In November 2016, India announced a complete ban on the 1000 and 500 rupee notes, as part of the government’s efforts to crack down on the counterfeit economy.
Operating on a 95% cash transaction basis, the sudden move to a sudden cashless economy left the majority of Indians in a panic – vendors who mostly dealt in cash, households with savings in cash, were lost.
While on a macro level, these changes were being hailed as positive and transformative, the direct impact on the economy and the citizens of India was too large to be ignored.
The government’s think tank comprising The NITI Aayog (earlier called Planning Commission of India), The Ministry of Electronics and Information Technology, nationalized and private banks, NASSCOM and NASSCOM Foundation, were tasked to contain this crisis. The team quickly developed an action plan to handhold citizens switch to cashless transactions.
Large scale DigiDhan Melas (translated as Digital Money Fairs) were organized across more than 100 cities with all banks and digital transaction players coming forward and showcasing their cashless solutions.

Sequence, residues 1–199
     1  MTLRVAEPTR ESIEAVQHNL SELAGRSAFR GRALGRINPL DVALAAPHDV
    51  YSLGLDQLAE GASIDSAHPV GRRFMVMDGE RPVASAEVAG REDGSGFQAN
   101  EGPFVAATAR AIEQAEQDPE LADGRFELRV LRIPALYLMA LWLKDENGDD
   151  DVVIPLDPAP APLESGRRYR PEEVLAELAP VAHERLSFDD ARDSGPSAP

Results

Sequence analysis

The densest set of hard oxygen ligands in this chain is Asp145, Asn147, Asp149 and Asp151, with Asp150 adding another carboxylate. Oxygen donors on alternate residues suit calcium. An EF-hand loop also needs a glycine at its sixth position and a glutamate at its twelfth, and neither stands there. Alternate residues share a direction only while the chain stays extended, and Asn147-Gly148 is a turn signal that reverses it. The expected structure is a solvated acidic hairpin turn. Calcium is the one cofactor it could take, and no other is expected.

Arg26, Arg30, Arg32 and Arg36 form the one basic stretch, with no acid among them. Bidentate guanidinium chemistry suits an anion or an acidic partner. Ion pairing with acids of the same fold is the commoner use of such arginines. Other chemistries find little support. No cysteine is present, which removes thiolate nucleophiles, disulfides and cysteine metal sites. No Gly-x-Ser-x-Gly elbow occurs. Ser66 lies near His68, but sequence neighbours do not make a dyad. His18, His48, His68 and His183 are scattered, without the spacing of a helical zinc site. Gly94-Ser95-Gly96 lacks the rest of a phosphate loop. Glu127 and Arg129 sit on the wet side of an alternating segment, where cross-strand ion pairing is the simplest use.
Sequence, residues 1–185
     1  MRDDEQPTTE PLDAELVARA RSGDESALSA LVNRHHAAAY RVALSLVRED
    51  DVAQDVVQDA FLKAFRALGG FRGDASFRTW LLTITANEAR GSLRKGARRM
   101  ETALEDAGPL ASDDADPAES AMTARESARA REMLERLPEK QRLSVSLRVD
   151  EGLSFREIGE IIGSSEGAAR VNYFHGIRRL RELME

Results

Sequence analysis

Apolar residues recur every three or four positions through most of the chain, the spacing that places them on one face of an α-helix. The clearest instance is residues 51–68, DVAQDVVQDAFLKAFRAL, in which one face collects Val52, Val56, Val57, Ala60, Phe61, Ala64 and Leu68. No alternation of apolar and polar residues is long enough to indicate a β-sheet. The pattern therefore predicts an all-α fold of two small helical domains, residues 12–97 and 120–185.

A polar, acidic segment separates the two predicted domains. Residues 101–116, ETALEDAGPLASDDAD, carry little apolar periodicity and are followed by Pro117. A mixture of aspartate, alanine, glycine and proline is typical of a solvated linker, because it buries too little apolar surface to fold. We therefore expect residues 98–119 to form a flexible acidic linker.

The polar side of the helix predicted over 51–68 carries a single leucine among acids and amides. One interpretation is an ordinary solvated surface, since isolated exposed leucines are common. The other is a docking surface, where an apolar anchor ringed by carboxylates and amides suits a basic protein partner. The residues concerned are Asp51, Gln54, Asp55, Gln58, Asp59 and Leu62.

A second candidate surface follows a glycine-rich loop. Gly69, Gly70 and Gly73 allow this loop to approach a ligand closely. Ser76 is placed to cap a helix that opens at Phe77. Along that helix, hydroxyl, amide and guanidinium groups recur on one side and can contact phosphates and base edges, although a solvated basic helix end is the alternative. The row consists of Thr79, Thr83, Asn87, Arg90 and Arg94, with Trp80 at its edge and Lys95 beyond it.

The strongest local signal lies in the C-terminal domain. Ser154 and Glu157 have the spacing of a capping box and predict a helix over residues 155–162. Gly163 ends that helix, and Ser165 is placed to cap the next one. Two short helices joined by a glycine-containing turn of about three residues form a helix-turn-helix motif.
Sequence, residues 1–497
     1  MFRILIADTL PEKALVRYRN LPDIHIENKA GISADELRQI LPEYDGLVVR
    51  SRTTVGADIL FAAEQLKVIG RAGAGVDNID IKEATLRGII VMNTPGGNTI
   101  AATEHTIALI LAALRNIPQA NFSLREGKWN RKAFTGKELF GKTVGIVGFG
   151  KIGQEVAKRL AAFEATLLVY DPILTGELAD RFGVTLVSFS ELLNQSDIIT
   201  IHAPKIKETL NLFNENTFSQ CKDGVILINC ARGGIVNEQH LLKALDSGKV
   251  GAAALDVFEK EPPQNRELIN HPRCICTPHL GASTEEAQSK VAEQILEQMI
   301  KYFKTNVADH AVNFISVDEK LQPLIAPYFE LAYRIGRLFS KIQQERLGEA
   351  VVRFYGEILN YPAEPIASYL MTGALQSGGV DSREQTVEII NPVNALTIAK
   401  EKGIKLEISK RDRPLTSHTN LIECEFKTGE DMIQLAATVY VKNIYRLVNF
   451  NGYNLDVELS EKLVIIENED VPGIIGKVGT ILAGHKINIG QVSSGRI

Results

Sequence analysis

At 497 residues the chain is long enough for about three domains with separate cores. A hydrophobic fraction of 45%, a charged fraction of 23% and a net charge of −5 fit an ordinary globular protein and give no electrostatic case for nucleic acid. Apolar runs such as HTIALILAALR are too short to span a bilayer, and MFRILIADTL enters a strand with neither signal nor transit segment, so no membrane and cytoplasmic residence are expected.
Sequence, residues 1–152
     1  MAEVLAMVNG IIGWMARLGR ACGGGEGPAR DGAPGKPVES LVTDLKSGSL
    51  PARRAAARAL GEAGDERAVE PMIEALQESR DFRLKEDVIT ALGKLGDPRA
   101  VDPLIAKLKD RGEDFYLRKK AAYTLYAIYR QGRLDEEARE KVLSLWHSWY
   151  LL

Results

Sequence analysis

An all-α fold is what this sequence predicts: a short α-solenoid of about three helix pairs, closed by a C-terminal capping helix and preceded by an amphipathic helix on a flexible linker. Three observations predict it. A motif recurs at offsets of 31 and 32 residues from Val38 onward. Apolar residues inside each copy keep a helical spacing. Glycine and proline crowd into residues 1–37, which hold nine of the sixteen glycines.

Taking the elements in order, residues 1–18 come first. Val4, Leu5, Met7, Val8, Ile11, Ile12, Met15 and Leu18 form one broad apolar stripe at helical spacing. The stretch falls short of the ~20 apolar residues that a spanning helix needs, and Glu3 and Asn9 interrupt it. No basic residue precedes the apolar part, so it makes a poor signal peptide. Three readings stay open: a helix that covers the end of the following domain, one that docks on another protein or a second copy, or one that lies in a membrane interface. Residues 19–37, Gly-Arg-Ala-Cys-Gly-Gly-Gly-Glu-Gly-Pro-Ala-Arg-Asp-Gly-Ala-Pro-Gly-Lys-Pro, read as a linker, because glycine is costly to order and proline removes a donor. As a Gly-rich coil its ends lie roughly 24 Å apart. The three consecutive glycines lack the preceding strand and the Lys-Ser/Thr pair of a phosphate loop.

NASSCOM Foundation, provided volunteers from the IT-BPM industry through its MyKartavya (Meaning: My Duty) program to help the citizens visiting these fairs adopt at least one of the available solutions.
In its attempt to further amplify this initiative, NASSCOM Foundation created its own step-by-step, easy to understand curriculum for all categories of digital transactions including eWallets, Unified Payment gateways (UPI – Mobile app based payment solutions for direct bank account transactions), debit cards, Aadhar (India’s Unique ID equivalent to Social Security Number in USA) enabled payment system and USSD (Unstructured Supplementary Service Data) and organized volunteer drives under ‘Each One Teach Ten’ pedagogy across various cities.
The Foundation engaged with more than 2000 volunteers who in turn were able to train over 18,000 people on different cashless modes of transactions.
The Ministry of Electronics and IT also launched a free TV channel called ‘DigiShala’ (The classroom of Digital Learning and cashless financial transactions) and ‘Cashless India’ website to help the citizens get hands-on practice with cashless transaction tools. In partnership with NASSCOM, the Ministry also set up a free helpline service with a toll free number to help people complete their cashless transactions with ease. This helpline was able to resolve more than 300,000 queries from across the country.
Owing to these efforts, by March 2017, the digital transactions had grown 23 times to 6.4 million amounting for INR 24.25 billion. Today, despite cash being the single largest mode of transaction in India, people are much less dependent on it with the most underserved of the citizens having basic knowledge of how to use an e-wallet or a debit card or a UPI app or similar digital transaction tools – a massive win for a country who is not just witnessing but living a digital revolution.